Dozens of people lined up outside the exhibit, Tuesday afternoon, to catch a rare glimpse of the endangered species as the nine week old Malayan tiger cubs came out of their den to investigate their new habitat for the first time.
"It was great. He had a great old time when they came out. He's still looking," said Fresno resident Shane Sherman as he held is two year old son Pierson in his arms.
"Once the tiger cubs came out the gate, the kids were screaming with excitement and the last two were really hesitant to come out because they heard the noise. And then the tiger Mom went over and nudged them and they became really playful."
The two males and two females known as Berani, Cinta, Arya and Batari are part of the Association of Zoos and Aquariums' Species Survival Program. A program designed to maintain healthy, self-sustaining, genetically diverse tiger populations as a last insurance policy from losing the cats completely.
"Fresno Chaffee Zoo in having six cats, the two parents and four offspring, that makes up 10% of the captive population so it's huge and we're really excited for these four to become part of a breeding program in a couple years and add to those numbers, said Fresno Chaffee Zoo Assistant Curator Lyn Myers.
Myers said, right now there are only 500 Malayan tigers in the wild and only 60 in captivity.
The cubs mother "Mek" is on loan from the San Diego Zoo to breed and will spend the next year or so with her cubs before they're fully grown and moved to other locations.
"We anticipate having them here at the zoo for at least a year and a half, two years if not longer," said Myers.
Until then, you can watch them running, playing or napping in the sun.
"I think you'll see different stages (of activity) depending on the time of day. First of all, tigers sleep 16-20 hours a day so there's a lot of napping going on," said Myers.
"In fact, yesterday they were exhausted and could barely walk back to their barn and when they did, they slept all afternoon. You should also see nursing. They'll nurse to about three or four months of age and then after that watch out because they'll break loose (from their mother) and the exhibit will be just really active."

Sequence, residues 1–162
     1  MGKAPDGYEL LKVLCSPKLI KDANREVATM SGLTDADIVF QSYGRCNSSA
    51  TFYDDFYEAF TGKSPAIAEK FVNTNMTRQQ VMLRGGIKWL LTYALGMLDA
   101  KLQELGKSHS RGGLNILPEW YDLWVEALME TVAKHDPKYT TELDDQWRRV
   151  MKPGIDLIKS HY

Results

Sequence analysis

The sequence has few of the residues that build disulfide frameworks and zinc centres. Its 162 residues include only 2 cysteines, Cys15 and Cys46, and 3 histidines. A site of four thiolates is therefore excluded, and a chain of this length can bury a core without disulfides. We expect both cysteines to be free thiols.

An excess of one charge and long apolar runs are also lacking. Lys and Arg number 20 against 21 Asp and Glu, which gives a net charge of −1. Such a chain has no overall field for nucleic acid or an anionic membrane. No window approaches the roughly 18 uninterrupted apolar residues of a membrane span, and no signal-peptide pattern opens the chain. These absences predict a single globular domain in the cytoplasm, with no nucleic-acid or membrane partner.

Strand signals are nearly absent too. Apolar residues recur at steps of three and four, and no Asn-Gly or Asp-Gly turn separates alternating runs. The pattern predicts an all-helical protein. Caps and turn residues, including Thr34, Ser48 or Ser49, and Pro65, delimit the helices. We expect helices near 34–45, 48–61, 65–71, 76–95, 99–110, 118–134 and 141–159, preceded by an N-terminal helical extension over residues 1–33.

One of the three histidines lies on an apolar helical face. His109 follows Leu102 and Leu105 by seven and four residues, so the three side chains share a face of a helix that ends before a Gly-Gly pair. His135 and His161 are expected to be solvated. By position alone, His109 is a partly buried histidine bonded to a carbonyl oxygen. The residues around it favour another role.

At that point Myers said, officials will open up the pool for them to play and crowds should have plenty of activity to see.
"Tigers play hard the first two years of their life, they're going to be romping and running, and with four of them, there's probably going to be something going on all the time."
New attractions drawing large crowds as families come from all over the Valley to see the first litter of tiger cubs at the zoo in more than 20 years.
"I was excited when I heard the news they were having the babies so it's exciting to see them," said visitor Lindsay Bradford. "I'm glad the zoo is getting more animals and it's expanding. It's really nice."
You can catch the cubs in action at the Malayan Tiger Exhibit Monday through Friday from 11am to noon and on weekends from 11am to 1pm, weather and tiger Mom permitting.
Officials said they expect the tigers to grow fast, eventually putting on an estimated 10 to 12 pounds a week, so if you'd like to see them while they're still small, now is your chance.
"As the cubs grow, they'll probably start dividing themselves. At about a year and a half out in the wild they start not getting along, not sharing so well with each other and also start breaking off for longer periods of time from their Mom and then they start gradually going off on their own," said Myers.